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Artist, The (2011)
Tuesday, July 24, 2012
A disturbing image and a crude gesture
Jean Dujardin, Berenice Bejo, James Cromwell, John Goodman, Malcolm McDowell, Penelope Ann Miller, Missi Pyle, Ed Lauter, Beth Grant, Joel Murray, Stuart Pankin, Jen Lilley
Hollywood 1927. George Valentin (Jean Dujardin) is a silent movie superstar. The advent of the talkies will sound the death knell for his career and see him fall into oblivion. For young extra Peppy Miller (Berenice Bejo), it seems the sky's the limit - major movie stardom awaits. THE ARTIST tells the story of their interlinked destinies.
Artist, The (2011) | Review
The Progress of History
Oh, don't get me wrong. Retro is in and always will be (even if what qualifies as "retro" changes with the seasons).
Still, in a culture that prides itself on running towards the future, returning to a time that seems irrelevant to our present can seem like a waste. However, sometimes, this is exactly what we need to re-examine ourselves in a new light.
It is here that we come to The Artist.
This year's Academy Award winner for Best Picture, The Artist is a unique return to the era of silent film. Yes, the lack of dialogue is jarring at first—I don't know if we realize how accustomed to noise pollution we have become—but the film is so engaging that one can't help but be drawn in. Stripped of (almost) all sound, The Artist focuses our attention upon the visual cues of its characters. It's a challenging style of acting and Jean DuJardin's win as Best Actor at the Oscars was well deserved.
As for the story itself, The Artist takes us back to Hollywood in 1927 and follows the journey of George Valentin (Jean Dujardin). A silent film superstar, Valentin quickly finds himself thrown aside by the burgeoning market for "talkies." Once viewed as cinematic royalty by his legions of fans, he soon finds himself alone with only his dog to comfort him (Uggie, who's performance almost steals the movie, by the way). At the same time, Valentin's journey is paralleled with the rising career of Peppy Miller (Berenice Bejo), a silent film extra who becomes a major movie star in talking pictures. As his life intertwines with Miller's journey, Valentin finds himself forced to re-examine his life, career and sense of worth in a world that is changing all around him.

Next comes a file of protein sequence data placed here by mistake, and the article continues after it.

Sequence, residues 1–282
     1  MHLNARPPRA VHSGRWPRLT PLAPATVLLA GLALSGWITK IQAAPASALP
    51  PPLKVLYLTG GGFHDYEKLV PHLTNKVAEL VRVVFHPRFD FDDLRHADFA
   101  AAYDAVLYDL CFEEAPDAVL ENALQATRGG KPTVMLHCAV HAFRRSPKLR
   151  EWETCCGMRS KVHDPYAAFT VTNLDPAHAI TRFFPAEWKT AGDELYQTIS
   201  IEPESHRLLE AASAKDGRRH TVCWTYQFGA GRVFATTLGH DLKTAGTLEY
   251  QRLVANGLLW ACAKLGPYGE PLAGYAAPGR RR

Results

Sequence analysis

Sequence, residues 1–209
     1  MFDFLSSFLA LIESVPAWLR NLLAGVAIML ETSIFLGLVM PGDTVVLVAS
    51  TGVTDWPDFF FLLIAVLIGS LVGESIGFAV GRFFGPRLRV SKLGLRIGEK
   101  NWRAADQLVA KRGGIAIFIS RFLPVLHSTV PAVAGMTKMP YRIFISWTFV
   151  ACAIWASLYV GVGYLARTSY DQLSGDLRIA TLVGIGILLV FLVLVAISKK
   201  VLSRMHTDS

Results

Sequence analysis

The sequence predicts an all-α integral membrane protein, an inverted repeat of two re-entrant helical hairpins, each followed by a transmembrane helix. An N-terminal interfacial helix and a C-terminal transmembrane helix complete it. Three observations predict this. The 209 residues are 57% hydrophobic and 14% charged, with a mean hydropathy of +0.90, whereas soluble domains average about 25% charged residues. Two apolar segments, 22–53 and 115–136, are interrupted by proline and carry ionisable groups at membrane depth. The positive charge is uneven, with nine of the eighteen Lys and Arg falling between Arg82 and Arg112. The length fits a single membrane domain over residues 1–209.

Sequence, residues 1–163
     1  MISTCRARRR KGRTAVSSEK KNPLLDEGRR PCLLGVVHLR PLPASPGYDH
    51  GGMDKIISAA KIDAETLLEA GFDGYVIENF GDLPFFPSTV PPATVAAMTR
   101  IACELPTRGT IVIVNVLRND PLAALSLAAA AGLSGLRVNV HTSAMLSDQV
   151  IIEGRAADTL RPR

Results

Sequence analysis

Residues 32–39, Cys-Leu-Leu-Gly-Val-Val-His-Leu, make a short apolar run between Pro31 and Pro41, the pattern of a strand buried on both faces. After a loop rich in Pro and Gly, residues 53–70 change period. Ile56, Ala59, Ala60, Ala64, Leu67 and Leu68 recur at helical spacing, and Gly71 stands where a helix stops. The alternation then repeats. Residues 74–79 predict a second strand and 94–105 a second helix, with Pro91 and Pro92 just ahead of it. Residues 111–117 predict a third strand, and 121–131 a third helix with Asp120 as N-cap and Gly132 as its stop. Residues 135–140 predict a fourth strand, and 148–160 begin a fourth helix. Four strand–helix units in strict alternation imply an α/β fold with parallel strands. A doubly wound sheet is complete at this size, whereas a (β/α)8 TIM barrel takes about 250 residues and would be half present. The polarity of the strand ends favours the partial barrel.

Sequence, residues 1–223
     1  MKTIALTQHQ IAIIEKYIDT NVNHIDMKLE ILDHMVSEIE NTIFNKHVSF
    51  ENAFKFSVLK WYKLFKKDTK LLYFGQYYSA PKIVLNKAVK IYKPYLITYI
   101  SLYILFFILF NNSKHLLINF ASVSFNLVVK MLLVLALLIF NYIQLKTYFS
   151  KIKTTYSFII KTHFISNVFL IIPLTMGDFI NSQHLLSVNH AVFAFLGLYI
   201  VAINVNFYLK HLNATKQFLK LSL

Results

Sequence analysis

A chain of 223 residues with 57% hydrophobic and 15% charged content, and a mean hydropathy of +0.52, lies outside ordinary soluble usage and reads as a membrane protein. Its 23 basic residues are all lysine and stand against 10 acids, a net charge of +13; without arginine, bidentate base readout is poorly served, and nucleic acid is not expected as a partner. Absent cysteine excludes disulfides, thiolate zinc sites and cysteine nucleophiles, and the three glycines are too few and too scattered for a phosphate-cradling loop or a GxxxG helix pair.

What I find most fascinating about this film, however, is not simply the novelty of a silent film. Rather, what intrigues me most is how relevant a film like this feels in our modern culture. For instance, the story of George Valentin speaks to our culture's desire to build our own empire. When we first meet Valentin, he is a man on top of the world—and he clearly believes his own press. Worshiped in the public eye, his very purpose is the accolades of his adoring fans. (Incidentally, this notion is made explicitly clear to us in the film's opening scene where Valentin commands an elongated ovation from his audience, excluding his co-star as much as possible.) To Valentin, receiving applause is the ultimate goal. Even as the world begins to change with the birth of "talking pictures," he remains confident, believing himself and his empire to be untouchable. Consequently, as his career begins to crumble at the feet of progress, Valentin tries desperately to save himself by reestablishing his legacy, albeit to no avail.
At its core, The Artist is a story that illustrates the devastation and fragility of building our lives upon our accomplishments. In fact, even the title of the film focuses our attention on a central character that has emphasized the value of his craft so greatly that his name is no longer relevant. Immediately, we know that this film is not merely the story of a man—i.e. Forrest Gump, J. Edgar—but one who has lost his identity to his career. It is here that The Artist becomes so relevant to our culture. Despite taking place in the late 1920s, the idea of losing ourselves to our careers is incredibly pertinent today. Living in a YouTube world with an economy on the brink creates an environment where the seductiveness of "celebrity" and wealth becomes even more enticing, even at the expense of our souls. As a result, as viewers, we find ourselves in a unique position: we may judge Valentin for his foolishness but we also sympathize with him because we can relate.
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